My Distressed Heritage of Pain

When Courtney asked me to write a blog on how I deal with pain, my immediate thought and response to him was – ‘yes, sure but I must say, sickle pain feels like long history’. 

Does it? I asked myself. 

I was on a pain train. The positive side which I am grateful for is that the train has seized to move for a couple of years and I hope not to have this train resume it’s movement ever again. 

The last time I had any sort of major sickle pain was in 2012. 
Before this time. I would have an average of one acute chest syndrome crisis in a year – specifically during the winters. My crisis were usually around this time of the year, predominantly my chest and back, throbbing in excruciating pain that rendered me helpless. These crises would always start in the middle of the night with minimal oxygenation. I called it the ‘nocturnal crises’. 

Who else tends to have a crisis between 1am and 4am? 

How have I dealt with pain? 

If I am being honest, not a great deal. When/if my sickle pain is enough to make me dial 999 to get an ambulance to my flat, then seeking medical help in hospital is the only way I can confirm I have dealt with pain. 

Generally, I get two levels of pain. The one described above where honestly speaking, I cannot help myself and the low level pain which is often quite isolated – perhaps in the fingers, or just the ankle, or my jaw, wrist etc. This kind of pain is usually negligible and I can work and play through it, sometimes without any pain relief. I have to add that my threshold for pain exceeds reality. I can cope for hours without pain relief until I get to excruciating levels before I scream for help. This isn’t good. 

One of my doctors told me as much as I have a great level of pain threshold and tend to avoid pain relief due to the hallucinations after being given them, sometimes stopping the sickling is a good thing to prevent further organ damage. The only way to stop it is to manage the pain.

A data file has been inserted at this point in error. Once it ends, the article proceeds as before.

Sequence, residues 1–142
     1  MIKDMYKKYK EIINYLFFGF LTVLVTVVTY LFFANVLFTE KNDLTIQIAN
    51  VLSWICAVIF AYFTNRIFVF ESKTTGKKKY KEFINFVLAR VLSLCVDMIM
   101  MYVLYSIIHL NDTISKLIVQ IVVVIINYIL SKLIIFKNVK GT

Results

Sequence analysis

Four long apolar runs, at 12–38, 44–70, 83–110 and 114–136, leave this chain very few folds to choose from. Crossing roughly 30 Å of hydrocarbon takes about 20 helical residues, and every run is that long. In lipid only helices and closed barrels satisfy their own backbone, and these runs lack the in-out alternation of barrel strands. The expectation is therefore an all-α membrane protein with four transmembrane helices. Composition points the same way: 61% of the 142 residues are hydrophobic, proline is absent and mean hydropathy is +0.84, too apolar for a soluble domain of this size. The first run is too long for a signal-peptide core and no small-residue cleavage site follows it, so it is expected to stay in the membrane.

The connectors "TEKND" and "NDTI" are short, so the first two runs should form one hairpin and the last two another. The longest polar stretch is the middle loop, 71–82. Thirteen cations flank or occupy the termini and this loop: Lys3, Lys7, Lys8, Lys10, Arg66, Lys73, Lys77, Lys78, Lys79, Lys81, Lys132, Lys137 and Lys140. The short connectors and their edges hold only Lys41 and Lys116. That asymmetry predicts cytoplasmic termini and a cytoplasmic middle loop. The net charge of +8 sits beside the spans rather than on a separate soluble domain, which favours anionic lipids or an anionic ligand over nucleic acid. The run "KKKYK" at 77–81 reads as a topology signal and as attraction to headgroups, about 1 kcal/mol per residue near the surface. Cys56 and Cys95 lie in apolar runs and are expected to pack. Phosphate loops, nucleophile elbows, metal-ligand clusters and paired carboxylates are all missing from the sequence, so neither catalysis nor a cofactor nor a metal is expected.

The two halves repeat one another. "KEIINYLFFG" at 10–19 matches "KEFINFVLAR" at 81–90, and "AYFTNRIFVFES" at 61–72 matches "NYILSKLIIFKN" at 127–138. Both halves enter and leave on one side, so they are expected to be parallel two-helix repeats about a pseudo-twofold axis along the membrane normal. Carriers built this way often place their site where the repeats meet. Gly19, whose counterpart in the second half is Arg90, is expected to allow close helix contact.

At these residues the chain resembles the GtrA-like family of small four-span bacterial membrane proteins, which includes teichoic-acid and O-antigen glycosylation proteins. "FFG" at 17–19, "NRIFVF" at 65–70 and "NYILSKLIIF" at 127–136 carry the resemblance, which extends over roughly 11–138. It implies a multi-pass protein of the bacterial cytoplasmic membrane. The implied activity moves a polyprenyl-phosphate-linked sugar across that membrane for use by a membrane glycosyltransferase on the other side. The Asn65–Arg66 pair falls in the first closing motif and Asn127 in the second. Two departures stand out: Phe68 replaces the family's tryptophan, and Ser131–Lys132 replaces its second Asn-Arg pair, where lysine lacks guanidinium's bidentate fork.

But, I have never really liked the effects of the strong opiates so I try to avoid them as much as I can. 

Anyway, If I get the pain in more than one area at the same time, then that’s enough warning for me to start medicating at home with my locally prescribed analgesics.

I would take a cocktail of codeine and Ibuprofen, drink about half a liter of water, put out any noise around me, have a lie with a snug blanket and have a little snooze. More than half the time, I wake up feeling pain-free. If I neglect the initial sickling pain nudging on more than two areas for too long, I am likely to have failed in managing my condition at home. I would have guessed at this point, that I have sickled in more parts of my body compared to when it started so I am likely to run into problems. 

But rather than focus on how I deal with pain in sickle, I tend to focus on how to avoid pain in the first instance as I tend to be more proactive and less reactive in my care. 

With the help of the hematology clinical team, and a substantive understanding of how sickle affects my body and my condition, my quality of life is great. 

My treatment- Hydroxicarbamide is the treatment I have used to date to manage my sickle care. When I started a number of years ago, I was frightened of the toxicity of the drug and how it may potentially affect me. However, it’s affected me quite positively and I get no pain. I have never suffered any sickle complications as a child or adult. My blood levels and HB fetal are great. My fatigue levels are better than it used to be. I don’t get jaundiced eyes or nails, I haven’t suffered any ACS or chest infections. No transfusions! My health has been generally great.